These were lessons that Sert will never forget and the houses he builds from 1934 will incorporate multiple elements of the Ibizan Finca. Flexibility, juxtaposition of simple bodies in which repetition and difference combine, and unity of scale in composition and diaphanous interiors adapted to the unevenness of the terrain, which offer different possibilities of organization and room, will already be determinant parameters.
Sert wrote in 1934 that the Ibizan was an “architecture without style and without architects, geometric constructions simple, purely utilitarian, of an exemplary dignity, a rest for the eyes and for the spirit … all its elements have the right measure, the human measure”. Sert also sought to establish a dialogue between the rural architecture of Ibiza and some aspects of the new discipline, such as the use of the measurement system developed by Le Corbusier that gives human scale to this architecture. He wanted to perpetuate a language, a system of forms that had been in existence for centuries and adapt it to the uses and needs of the modern lifestyle.
Between 1964 and 1969, together with Rodríguez Arias, he designed and built the Can Pep Simó residential complex in Ibiza’s Cap Martinet area, which consists of 6 single-family homes and apartments known as Els Fumerals, a work in which he develops the concept he had always defended, the “contemporary equivalent of traditional forms”. As Sert himself explained: “In this urbanization we have used a measurement system devised by Le Corbusier called ‘modulor’, which is based on the golden section, a system that allows to maintain a human scale and obtain proportionality in all the compositional elements that, although they are repeated, always appear as different”. Like the Ibizan fincas, the houses of Cap Martinet are open constructions that accept extensions of many different forms.
Urb. Can Pep Simó (1969)
The Documentation and Conservation of Architecture and Urbanism Foundation of the Modern Movement cataloged the urbanization of Can Pep Simó within the section ‘Modern housing’ and was declared of cultural interest in 2009.
After his visit in Ibiza in the 1960’s, Sert noted that things had changed on the island with the tourism and urban development. He then warned about the risks of landscape blending and destruction that threatened the island: “Introducing elements of imported architecture will destroy the unity and harmony that have survived over the centuries. Imposing a constant discipline of limitation to authentic forms works against Ibiza to remain what it is, something unique.” In fact, he was right. From the decade of the 1970’s the tourism development manifested itself in a large part of the local population in the forgetfulness of the old trades, among them, the secular wisdom turned in its constructions. The ancestors traditional house was changed for an urban apartment or an impersonal house and in great number the traditional houses disappeared or they turned into ruins.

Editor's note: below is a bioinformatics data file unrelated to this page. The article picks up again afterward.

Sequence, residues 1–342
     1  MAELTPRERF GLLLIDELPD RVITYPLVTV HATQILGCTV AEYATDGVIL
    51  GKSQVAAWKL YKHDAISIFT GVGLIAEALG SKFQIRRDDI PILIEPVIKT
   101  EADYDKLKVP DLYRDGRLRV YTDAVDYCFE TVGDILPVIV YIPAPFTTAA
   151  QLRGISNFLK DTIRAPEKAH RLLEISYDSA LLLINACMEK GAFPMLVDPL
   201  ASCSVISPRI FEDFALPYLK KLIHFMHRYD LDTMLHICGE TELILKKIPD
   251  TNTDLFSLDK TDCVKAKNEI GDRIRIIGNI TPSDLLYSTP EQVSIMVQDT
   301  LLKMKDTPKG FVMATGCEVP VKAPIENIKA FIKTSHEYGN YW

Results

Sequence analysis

After retiring, Sert was appointed professor emeritus and doctor honoris causa by the Harvard University. He also received an honorary doctorate from the University of Boston (1970) and from the Superior Technical School of Architecture of the Vallès (1981), and the Medal and Honorary Chair of Architecture Thomas Jefferson (1970), the highest professional decoration of the USA. In 1981 the Superior Council of Architects of Spain and the Generality of Catalonia awarded him with the Gold Medal of Architecture. In 1982 the Spanish government awarded him the Gold Medal for Merit in Fine Arts.
Josep Lluís Sert has been the most international Spanish architect in the 20th century. He left an indelible stamp as an outstanding theoretician, and as creator he left a legacy that remains an example to follow. Years after his death, Sert continues well present in diverse institutions, especially in the Architect School.
Sert died on March 15, 1983 in Barcelona. Due to the special significance that Ibiza had for him, he asked that his remains rest on the island and were deposited in the cemetery of Jesus, where a modest tile says ´Sert. 1928-1979´. But in this secular and humble epitaph half a century of magisterial architecture is enclosed.
González, Miguel Ángel. La Huella de Josep Lluís Sert en Ibiza. Diario de Ibiza.
Marí Torres, T. and Torres Torres, R. Grupo de Arquitectos y Técnicos Españoles para el Progreso de la Arquitectura Contemporánea (GATEPAC). Ibiza: Enciclopèdia d’Eivissa i Formentera.
Jiménez Díaz, Manuel. Sert i López, Josep Lluís. Ibiza: Enciclopèdia d’Eivissa i Formentera.
Havard University Repository. Sert, Josep Lluis, 1902-1983. The Josep Lluis Sert Collection: An Inventory. Special Collections, Frances Loeb Library, Harvard Design School.